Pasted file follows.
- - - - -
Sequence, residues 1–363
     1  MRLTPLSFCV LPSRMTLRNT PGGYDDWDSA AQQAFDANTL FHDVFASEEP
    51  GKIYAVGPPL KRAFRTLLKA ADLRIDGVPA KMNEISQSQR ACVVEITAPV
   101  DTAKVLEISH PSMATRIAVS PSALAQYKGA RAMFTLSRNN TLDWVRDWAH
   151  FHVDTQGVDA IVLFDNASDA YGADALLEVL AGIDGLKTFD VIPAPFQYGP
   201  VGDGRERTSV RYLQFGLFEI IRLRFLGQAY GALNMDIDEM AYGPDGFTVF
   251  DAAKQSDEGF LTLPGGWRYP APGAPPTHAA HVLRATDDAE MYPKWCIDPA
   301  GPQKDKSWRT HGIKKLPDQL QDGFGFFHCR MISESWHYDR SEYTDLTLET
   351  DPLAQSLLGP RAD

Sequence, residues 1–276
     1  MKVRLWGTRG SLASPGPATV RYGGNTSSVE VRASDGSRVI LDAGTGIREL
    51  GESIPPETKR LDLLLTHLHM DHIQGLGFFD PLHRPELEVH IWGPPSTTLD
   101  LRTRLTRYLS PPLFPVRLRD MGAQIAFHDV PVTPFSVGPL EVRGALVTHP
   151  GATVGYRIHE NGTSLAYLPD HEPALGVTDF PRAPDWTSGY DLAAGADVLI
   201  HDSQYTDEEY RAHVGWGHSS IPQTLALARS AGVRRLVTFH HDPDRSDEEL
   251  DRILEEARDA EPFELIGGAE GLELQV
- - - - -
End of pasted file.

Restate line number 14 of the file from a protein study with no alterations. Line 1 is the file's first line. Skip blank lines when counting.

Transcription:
   151  GATVGYRIHE NGTSLAYLPD HEPALGVTDF PRAPDWTSGY DLAAGADVLI